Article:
Pavol Rusnak, one of the main creative forces behind popular cryptocurrency wallet Trezor, has shared a nifty guide on how you can build your own cryptocurrency hardware wallet using a Raspberry Pi and the Trezor Emulator.
To put this contraption together, the developer used a Raspberry Pi 3, a 3.5-inch RPi display, and an SD card. Once he had all these parts, Rusnak loaded the device with Raspbian – an operating system for Raspberry Pi boards – and installed the Trezor Emulator.
And since the emulator code is completely open-source, you can always audit the script at Trezor’s Github page here if you have any concerns about its legitimacy.
Rusnak says that once you connect the device to the Trezor web wallet, you can use it just like the real thing. Of course, the Raspberry Pi-powered alternative is not as fast and compact as an actual Trezor wallet.
But before you move all of your funds to your DIY wallet, Rusnak warns the Trezor emulator is intended for testing purposes only. “Never use the emulator for storing any value,” the developer warns. Indeed, there are safer ways to store your cryptocurrency.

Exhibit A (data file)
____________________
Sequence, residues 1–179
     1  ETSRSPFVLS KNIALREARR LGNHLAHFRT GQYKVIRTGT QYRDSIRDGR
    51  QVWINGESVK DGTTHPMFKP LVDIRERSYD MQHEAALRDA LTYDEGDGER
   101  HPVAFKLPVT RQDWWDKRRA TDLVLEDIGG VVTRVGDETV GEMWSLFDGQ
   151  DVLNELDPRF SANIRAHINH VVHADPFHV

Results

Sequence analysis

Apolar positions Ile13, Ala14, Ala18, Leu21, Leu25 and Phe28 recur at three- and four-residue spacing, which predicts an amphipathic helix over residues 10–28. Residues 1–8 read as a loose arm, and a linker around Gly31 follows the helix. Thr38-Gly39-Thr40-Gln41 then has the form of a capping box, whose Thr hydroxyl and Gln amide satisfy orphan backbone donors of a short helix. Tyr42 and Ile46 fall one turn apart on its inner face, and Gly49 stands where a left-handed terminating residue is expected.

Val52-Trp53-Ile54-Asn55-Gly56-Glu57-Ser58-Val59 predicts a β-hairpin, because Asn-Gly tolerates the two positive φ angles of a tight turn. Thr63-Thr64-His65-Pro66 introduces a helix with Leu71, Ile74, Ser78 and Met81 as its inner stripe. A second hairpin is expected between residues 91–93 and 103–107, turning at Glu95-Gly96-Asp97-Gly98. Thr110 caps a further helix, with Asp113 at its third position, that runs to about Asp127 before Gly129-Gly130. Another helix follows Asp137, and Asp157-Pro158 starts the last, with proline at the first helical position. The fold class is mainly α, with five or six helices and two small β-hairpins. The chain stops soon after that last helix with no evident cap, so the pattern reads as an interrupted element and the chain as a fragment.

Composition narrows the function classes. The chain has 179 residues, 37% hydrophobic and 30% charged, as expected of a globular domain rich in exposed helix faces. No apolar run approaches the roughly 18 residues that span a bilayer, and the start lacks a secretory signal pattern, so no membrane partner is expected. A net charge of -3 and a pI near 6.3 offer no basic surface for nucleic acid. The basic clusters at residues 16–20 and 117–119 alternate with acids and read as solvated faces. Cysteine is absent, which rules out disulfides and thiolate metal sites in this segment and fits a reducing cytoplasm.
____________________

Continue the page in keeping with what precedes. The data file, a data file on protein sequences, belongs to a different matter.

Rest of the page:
Stop breadboarding and soldering – start making immediately! Adafruit’s Circuit Playground is jam-packed with LEDs, sensors, buttons, alligator clip pads and more. Build projects with Circuit Playground in a few minutes with the drag-and-drop MakeCode programming site, learn computer science using the CS Discoveries class on code.org, jump into CircuitPython to learn Python and hardware together, or even use Arduino IDE. Circuit Playground Express is the newest and best Circuit Playground board, with support for MakeCode, CircuitPython, and Arduino. It has a powerful processor, 10 NeoPixels, mini speaker, InfraRed receive and transmit, two buttons, a switch, 14 alligator clip pads, and lots of sensors: capacitive touch, IR proximity, temperature, light, motion and sound. A whole wide world of electronics and coding is waiting for you, and it fits in the palm of your hand.